Wall Street's main indexes gained Wednesday as investors turned more optimistic about rate cuts from the Federal Reserve early next year, after data showed further signs of a cooling jobs market.
Providing more evidence of labor market weakness following the drop in job openings on Tuesday, the ADP National Employment report showed private payrolls increased by 103,000 jobs in November, below economists' expectation of 130,000.
"This is basically what markets are looking for: weaker labor growth would reduce the threat of inflation," said Peter Cardillo, chief market economist at Spartan Capital Securities.
Optimism about peaking interest rates has led to a rebound in equities from their October lows, with the benchmark S&P 500 gaining nearly 9% in November, hitting its highest close of the year last week.
Traders have nearly fully priced in the probability that the central bank will hold rates steady next week and expect to see rate cuts being delivered as soon as the first quarter of next year.
Bets of a cut of at least 25 basis points in March currently stand at nearly 62%, according to the CME Group's FedWatch tool.
At 9:36 a.m. ET, the Dow Jones Industrial Average was up 79.28 points, or 0.22%, at 36,203.84, the S&P 500 was up 16.78 points, or 0.37%, at 4,584.01, and the Nasdaq Composite was up 62.92 points, or 0.44%, at 14,292.83.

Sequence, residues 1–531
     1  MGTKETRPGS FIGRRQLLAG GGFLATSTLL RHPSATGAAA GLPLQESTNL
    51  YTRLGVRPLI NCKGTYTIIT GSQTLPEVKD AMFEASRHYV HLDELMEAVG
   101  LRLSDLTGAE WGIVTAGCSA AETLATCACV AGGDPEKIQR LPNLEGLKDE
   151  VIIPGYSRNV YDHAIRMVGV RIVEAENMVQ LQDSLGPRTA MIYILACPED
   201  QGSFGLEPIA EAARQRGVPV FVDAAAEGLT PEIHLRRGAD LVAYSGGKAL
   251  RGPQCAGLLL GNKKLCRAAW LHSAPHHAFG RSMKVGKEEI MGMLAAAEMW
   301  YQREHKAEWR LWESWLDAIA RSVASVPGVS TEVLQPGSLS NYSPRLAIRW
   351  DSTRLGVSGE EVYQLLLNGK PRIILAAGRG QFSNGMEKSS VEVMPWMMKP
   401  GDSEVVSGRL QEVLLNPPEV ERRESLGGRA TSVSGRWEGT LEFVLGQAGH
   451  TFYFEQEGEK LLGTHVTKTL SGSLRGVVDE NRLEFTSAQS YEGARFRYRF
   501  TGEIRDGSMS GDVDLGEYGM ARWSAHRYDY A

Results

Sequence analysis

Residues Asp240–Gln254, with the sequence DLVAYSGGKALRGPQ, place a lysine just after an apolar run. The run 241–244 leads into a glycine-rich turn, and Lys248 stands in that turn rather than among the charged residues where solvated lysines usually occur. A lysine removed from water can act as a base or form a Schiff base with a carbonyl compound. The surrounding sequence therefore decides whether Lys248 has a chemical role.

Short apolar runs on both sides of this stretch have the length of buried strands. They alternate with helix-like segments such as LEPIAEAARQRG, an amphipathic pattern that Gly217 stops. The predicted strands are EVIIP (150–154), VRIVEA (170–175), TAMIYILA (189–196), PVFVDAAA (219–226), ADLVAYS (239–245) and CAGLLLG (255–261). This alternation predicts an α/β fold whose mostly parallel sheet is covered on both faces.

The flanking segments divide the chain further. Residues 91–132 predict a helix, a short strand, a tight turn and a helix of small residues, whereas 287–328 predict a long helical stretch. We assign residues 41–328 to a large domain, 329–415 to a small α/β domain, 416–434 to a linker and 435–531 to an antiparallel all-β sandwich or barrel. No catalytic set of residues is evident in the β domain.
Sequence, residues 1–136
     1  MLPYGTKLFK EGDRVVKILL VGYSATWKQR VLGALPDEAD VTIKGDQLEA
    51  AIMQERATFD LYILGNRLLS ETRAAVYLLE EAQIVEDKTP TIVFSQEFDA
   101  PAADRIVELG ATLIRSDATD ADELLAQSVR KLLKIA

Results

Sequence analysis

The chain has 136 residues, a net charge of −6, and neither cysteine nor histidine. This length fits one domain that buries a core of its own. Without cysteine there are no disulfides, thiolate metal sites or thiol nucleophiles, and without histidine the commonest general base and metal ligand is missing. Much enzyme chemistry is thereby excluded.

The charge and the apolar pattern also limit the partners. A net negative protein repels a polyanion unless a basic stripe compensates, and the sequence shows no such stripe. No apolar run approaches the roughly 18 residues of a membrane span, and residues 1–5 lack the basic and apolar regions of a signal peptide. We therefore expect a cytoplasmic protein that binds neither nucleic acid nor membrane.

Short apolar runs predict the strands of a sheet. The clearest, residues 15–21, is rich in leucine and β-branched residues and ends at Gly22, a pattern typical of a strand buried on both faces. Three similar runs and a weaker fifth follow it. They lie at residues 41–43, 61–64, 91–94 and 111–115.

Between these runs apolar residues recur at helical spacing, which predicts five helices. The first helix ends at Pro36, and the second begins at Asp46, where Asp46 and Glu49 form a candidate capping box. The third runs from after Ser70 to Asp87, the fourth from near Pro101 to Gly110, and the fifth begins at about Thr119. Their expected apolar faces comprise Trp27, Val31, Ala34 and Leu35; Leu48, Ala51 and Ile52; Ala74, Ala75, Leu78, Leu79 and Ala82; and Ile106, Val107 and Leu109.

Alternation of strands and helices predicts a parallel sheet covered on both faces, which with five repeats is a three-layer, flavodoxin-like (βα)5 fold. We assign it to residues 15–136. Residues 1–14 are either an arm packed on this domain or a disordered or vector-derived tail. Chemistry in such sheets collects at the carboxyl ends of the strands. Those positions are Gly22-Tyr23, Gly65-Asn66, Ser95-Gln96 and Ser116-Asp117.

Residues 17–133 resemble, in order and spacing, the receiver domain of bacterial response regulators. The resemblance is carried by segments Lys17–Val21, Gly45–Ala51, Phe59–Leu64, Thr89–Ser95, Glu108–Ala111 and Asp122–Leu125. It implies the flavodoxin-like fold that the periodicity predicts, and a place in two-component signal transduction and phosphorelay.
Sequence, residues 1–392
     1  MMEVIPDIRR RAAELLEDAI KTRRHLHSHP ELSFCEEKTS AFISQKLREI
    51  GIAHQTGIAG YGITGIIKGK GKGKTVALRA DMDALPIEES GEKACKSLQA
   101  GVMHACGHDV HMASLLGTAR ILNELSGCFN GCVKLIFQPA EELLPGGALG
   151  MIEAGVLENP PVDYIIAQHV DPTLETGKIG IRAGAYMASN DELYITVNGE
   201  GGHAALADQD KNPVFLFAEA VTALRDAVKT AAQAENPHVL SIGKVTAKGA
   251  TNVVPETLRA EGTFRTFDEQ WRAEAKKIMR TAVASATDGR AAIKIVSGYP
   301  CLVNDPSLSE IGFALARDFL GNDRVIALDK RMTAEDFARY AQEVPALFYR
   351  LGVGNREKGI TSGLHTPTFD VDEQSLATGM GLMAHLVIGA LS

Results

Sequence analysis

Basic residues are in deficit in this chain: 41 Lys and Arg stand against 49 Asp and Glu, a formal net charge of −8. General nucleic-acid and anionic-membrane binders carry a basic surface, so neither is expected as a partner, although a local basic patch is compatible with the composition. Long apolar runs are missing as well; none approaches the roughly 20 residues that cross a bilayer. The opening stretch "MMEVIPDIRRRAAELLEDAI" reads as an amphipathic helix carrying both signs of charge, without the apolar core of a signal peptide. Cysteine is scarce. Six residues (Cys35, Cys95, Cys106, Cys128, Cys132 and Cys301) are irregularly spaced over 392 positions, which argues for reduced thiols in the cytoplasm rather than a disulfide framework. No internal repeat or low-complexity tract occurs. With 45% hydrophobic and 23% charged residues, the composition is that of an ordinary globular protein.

"The market is beginning to level off after a few days of negative activity," Cardillo said.
Investors will get more clarity on the state of the labor market and the outlook for interest rates from November's non-farm payrolls report, due on Friday.
Most megacap stocks edged higher, with Nvidia up 1.2% after the chip designer said it was working with the U.S. government to ensure new chips for the Chinese market are compliant with export curbs.
Nine of the 11 major S&P 500 sectors rose, with consumer discretionary and financial stocks leading the gains. Energy stocks underperformed, down 0.5% as crude prices fell.
Among other stocks, Plug Power fell 6.4%, as Morgan Stanley downgraded the hydrogen fuel cell firm to "underweight" from "equal weight" on liquidity concerns.
Tobacco giants Altria Group and Philip Morris International slipped 3.3% and 2.2%, respectively, after UK peer British American Tobacco said it will take a $31.5 billion hit from writing down the value of some U.S. cigarette brands.
Campbell Soup added 4.8% on surpassing quarterly profit expectations, helped by higher prices for its packaged meals and snacks.
Advancing issues outnumbered decliners by a 3.21-to-1 ratio on the NYSE and by a 1.92-to-1 ratio on the Nasdaq.
The S&P index recorded 21 new 52-week highs and no new lows, while the Nasdaq recorded 48 new highs and 31 new lows.
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